22. I acknowledge that the Court of Appeal in MH said that it was necessary to apply sch 27 para 3 at the outset and that that provision has no further relevance when a s316 exercise is being undertaken. It would however be in my view an over-simplification to treat sch 27 para 3 (when a qualifying preference is expressed for a maintained school) and s9 (when the preference is for a non-maintained school) as direct equivalents and from that to argue that the relevance of s9, like that of sch 27 para 3, is confined to the front end of the logical process. The former is a provision applicable within a defined procedure, which – subject to defined exemptions – cuts across other provisions so as to create rights: cf. MH at [69]). The latter merely sets out a principle to which a local authority is required to have regard, among other considerations. It also is subject to defined exemptions but its field of application is far wider (the exercise of functions under the Education Acts) and it operates outside the ambit of a defined procedure. …

28. Given the principle of the fallback preference, I cannot see that it does any violence to the language of the section to treat “the wishes of [the parent]” as encompassing first the initial preference and, once that has failed and the fallback preference been triggered, the latter preference. Consequently, where the fallback preference has been triggered, the s9 principle would fall to be applied by reference to wishes under the fallback preference, just as before the fallback preference was triggered, it fell to be applied by reference to the original preference. 29. So understood, although s9 is capable of applying at this point of the analysis, it simply has no purchase as both the parent and the authority are agreed on a particular mainstream school once, applying ss316/316A, a mainstream school has been determined to be required.”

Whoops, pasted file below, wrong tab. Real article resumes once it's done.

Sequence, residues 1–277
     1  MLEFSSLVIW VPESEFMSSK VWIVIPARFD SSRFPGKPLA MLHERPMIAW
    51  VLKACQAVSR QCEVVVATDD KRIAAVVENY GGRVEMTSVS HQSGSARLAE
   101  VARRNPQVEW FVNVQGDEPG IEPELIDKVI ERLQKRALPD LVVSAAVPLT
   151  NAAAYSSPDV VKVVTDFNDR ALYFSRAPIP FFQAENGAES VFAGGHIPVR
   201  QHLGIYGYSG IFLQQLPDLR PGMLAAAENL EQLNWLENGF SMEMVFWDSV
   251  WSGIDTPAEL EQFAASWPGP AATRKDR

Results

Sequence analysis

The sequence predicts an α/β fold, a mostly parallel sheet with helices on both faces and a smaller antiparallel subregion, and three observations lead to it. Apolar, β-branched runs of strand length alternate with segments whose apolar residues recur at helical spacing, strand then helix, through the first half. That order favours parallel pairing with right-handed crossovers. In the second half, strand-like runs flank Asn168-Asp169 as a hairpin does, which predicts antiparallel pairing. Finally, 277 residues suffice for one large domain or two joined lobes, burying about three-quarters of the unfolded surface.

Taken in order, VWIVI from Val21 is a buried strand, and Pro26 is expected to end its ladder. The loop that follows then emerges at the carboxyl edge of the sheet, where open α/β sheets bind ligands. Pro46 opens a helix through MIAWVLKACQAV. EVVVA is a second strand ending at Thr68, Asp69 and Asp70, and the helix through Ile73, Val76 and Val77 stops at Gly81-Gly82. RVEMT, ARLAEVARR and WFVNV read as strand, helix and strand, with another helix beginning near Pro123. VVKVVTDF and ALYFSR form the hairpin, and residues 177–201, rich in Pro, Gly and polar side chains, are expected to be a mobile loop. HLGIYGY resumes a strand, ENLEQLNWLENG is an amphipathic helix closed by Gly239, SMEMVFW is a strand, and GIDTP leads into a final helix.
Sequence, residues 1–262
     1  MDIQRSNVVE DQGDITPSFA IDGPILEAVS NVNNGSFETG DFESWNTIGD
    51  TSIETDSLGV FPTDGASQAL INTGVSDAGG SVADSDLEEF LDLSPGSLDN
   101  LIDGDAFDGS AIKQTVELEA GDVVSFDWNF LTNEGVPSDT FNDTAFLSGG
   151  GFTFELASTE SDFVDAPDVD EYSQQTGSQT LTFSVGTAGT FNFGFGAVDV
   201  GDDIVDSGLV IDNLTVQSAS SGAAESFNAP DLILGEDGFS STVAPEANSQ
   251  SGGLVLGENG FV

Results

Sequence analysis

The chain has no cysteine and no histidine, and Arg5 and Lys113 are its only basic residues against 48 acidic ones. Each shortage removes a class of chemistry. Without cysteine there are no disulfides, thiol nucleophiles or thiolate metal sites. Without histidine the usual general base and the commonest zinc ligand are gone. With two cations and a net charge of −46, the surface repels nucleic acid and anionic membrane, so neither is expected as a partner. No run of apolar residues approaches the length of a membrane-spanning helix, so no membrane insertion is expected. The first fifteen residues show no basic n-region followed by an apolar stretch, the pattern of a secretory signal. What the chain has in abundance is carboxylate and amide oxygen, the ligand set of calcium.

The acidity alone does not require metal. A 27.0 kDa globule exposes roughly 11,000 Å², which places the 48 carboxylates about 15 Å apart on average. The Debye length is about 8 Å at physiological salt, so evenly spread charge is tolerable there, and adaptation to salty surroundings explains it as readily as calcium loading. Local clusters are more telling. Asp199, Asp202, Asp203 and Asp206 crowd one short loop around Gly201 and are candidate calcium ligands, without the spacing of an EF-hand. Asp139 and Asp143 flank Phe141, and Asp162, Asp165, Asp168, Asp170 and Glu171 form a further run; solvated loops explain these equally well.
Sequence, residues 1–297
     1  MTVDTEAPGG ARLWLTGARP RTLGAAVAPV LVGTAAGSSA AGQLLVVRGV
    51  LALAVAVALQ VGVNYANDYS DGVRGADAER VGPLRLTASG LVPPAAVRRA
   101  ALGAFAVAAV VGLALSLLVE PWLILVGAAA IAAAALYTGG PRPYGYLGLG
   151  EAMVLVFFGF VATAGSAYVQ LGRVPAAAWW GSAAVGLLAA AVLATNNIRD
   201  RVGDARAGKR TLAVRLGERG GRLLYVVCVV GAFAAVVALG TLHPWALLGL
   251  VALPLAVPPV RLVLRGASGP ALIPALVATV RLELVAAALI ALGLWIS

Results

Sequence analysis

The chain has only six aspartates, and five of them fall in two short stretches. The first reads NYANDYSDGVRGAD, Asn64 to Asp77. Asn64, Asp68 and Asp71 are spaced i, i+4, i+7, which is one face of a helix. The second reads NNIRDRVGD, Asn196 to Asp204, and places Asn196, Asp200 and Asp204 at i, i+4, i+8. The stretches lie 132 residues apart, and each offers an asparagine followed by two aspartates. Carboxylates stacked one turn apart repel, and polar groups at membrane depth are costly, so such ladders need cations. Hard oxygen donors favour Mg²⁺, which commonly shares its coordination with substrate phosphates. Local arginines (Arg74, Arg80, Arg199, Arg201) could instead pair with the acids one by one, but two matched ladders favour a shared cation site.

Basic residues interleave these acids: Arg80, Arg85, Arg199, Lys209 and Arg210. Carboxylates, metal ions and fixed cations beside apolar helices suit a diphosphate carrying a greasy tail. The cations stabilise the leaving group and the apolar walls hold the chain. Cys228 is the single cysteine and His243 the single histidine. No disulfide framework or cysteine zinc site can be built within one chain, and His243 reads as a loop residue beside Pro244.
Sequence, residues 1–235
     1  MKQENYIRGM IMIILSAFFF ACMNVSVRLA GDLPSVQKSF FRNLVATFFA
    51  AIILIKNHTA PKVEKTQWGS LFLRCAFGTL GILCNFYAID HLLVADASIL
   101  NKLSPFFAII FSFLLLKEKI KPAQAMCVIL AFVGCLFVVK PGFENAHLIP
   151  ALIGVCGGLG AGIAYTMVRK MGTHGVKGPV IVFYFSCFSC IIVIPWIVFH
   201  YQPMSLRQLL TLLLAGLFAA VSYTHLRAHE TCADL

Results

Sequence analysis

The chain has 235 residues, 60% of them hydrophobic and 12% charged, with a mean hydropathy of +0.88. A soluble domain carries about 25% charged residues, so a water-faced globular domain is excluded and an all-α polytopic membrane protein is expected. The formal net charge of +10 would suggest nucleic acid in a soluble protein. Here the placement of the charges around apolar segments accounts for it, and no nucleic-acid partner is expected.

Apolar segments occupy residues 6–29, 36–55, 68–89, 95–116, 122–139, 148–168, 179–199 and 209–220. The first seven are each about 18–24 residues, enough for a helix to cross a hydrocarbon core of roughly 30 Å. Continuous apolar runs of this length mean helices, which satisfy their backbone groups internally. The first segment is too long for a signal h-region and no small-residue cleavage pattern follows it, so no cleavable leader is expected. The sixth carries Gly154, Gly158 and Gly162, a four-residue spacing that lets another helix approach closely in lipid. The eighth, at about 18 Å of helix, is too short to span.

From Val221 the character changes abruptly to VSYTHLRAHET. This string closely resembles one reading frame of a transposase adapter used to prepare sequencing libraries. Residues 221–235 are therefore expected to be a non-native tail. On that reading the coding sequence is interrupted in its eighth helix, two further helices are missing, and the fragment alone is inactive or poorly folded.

Finally, readers may be interested in this Upper Tribunal decision, where the First-tier Tribunal’s decision was set aside because of inadequate reasons a failure to apply the correct legal test when looking at the suitability of the proposed schools: Cambridgeshire County Council v SF (SEN) [2015] UKUT 0231 (AAC).

Rachel Kamm, 11KBW, (@Kamm11KBW)